Now, McDonagh returns to write and direct this third film, Three Billboards Outside Ebbing, Missouri, and his strong sense for making the unlikeable likeable returns as we follow a small Missouri town in the after-math of an unresolved rape/murder case. The mother of the victim, Mildred (Frances McDormand), frustrated by the local police department’s incompetence, hires three billboards which she uses to call out Chief Willoughby (Woody Harrelson) for not being able to finish he job and find the killer. These billboards cause uproar and controversy throughout the town, involving a series of notable figures to take involvement, including Willoughby and his partner Dixon (Sam Rockwell).
But despite the large amount of humour, most of the best moments unfortunately spoilt in the trailer, the drama shouldn’t be undermined. In fact, I’d even go so far as to say that Three Billboards Outside Ebbing, Missouri is a drama first, comedy second, a turn around from McDonagh’s previous efforts. There are rich, relevant themes of the social justice system, all while serving as a commentary on grief, prevalence and dealing with the loss of loved ones. When will the pain ever stop? And if no justice comes, at what point is enough enough? A lot of audience members may feel confronted by the startling subject mater, but it’s an important one nonetheless.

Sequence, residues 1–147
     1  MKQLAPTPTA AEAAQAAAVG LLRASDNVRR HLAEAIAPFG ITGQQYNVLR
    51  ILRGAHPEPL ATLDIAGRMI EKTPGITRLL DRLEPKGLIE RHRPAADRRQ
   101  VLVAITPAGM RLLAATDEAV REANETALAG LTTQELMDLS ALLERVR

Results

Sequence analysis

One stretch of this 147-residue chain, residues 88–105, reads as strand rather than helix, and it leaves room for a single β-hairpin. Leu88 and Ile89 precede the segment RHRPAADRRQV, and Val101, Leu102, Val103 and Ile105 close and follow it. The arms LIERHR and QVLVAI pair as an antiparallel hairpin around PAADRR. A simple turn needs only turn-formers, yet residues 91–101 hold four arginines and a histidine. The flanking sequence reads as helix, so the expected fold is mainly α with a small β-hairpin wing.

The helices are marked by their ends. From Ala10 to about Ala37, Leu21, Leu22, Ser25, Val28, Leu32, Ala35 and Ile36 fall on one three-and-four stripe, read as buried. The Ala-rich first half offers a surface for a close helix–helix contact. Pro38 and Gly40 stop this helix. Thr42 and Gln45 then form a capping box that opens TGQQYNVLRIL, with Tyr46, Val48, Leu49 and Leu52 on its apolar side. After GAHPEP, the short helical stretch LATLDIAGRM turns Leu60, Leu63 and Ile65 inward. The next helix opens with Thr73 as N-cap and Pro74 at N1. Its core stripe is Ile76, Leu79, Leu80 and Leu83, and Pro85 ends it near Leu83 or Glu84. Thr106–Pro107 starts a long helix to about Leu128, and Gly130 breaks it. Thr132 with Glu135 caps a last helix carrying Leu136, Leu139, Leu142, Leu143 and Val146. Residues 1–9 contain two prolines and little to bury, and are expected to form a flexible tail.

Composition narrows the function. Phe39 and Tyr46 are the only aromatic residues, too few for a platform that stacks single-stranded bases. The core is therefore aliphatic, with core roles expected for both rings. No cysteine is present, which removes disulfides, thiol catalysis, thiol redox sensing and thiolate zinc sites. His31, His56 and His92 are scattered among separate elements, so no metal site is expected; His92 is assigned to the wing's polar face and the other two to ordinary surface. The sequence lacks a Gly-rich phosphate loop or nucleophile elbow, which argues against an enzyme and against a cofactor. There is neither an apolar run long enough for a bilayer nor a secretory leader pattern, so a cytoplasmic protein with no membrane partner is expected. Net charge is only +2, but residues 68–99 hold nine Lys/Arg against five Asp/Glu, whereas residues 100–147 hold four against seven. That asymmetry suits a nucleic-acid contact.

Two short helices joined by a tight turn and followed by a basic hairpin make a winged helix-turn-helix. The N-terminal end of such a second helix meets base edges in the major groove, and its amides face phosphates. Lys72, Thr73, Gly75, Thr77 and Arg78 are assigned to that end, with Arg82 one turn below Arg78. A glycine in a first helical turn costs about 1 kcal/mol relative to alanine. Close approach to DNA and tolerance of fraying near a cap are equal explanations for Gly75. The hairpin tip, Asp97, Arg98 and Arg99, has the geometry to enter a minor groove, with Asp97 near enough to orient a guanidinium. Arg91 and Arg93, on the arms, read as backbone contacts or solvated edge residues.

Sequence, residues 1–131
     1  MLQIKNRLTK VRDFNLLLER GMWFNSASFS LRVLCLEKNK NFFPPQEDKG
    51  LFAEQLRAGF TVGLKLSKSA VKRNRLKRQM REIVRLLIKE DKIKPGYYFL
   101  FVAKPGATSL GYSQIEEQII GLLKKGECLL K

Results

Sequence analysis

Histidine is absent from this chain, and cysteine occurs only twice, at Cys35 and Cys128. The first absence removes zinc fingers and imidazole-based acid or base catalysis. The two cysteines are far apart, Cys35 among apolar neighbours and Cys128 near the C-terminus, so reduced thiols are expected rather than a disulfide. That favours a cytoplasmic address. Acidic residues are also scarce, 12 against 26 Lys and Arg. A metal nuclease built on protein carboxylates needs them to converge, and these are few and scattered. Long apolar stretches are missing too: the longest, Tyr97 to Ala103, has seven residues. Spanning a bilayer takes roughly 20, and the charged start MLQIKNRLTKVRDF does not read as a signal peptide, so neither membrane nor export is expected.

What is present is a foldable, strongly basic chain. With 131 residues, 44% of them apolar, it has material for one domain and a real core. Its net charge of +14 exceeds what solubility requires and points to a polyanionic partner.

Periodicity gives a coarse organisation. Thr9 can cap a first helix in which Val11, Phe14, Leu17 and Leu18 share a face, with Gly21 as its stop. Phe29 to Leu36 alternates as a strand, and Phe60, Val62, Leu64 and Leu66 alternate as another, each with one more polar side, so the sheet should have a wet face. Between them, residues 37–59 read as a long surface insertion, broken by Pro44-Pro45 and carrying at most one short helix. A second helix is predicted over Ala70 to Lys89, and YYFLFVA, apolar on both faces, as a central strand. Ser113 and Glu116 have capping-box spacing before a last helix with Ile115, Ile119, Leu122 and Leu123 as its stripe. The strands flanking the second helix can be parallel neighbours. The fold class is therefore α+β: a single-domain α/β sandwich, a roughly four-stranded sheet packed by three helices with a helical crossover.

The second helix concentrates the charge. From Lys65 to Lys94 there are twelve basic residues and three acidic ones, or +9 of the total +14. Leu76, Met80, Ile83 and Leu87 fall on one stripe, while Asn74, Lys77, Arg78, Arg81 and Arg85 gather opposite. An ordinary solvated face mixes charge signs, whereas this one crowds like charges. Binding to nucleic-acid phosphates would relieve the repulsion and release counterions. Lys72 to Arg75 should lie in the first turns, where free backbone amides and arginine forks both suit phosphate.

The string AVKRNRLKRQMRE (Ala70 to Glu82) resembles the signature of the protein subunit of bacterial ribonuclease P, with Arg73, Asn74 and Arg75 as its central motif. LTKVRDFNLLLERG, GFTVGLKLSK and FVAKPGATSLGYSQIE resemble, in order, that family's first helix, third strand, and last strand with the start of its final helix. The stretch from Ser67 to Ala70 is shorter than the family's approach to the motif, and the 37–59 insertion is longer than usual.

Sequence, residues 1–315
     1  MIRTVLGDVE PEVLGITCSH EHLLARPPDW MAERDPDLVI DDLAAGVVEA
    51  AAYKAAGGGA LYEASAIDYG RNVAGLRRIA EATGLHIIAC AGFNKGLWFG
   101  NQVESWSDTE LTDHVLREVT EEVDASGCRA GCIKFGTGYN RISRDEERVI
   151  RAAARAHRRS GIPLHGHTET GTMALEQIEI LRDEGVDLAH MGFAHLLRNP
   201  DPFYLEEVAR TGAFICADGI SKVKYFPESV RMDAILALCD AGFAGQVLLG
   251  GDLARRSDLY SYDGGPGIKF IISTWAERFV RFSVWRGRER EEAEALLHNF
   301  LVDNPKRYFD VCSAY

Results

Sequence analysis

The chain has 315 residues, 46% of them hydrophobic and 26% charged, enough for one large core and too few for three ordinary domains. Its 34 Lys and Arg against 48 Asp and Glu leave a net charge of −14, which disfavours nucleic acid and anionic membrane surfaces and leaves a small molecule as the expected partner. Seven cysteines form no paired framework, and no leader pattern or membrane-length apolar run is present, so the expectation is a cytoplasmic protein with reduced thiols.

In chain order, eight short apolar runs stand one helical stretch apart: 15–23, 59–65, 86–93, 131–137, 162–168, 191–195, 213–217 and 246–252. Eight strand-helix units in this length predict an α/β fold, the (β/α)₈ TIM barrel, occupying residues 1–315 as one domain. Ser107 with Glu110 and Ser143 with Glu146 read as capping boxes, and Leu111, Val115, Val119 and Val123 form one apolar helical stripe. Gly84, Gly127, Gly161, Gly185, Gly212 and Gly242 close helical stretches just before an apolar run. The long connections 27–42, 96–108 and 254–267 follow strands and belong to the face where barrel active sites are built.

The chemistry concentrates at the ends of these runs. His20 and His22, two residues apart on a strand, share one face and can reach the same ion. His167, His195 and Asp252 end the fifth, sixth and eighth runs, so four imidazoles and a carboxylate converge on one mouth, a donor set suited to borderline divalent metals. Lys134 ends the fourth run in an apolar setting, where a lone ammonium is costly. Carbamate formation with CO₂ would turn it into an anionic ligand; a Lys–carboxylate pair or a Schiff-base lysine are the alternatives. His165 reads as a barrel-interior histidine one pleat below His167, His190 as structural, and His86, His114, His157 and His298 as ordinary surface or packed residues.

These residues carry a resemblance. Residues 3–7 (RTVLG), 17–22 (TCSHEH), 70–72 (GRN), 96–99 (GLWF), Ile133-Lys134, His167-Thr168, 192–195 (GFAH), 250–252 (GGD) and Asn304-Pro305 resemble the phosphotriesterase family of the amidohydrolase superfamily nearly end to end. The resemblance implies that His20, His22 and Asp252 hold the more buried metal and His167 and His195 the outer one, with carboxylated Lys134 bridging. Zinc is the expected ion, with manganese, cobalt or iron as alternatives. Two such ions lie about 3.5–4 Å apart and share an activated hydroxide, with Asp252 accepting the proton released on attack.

Once the third act rolls around, a tonal balance is finally reached, elevating this film to its brilliance that should’ve been met earlier, but even then, its lack of character arcs make for a frustrating finale. Sam Rockwell steals the show as a racist, douchebag cop who’s one fuck up away from loosing everything he holds dear, and part of the reason why he’s so great is because his character is the only one who receives any sort of personal development. He evolves and changes by the time the credits roll, while McDormand and Harrelson remain the same characters they once were.
I may not have loved this nearly as much as everybody else seems to have, but please, I implore you to check this film out. It’s a strange, twisted and original story that’s important and relevant, with so many memorable moments and lines throughout that’ll bring you to tears for both better and worse. McDonagh is a force to be reckoned with, and if his first three films have proven anything, it’s that he’s a talent the world needs to keep a sturdy eye on.
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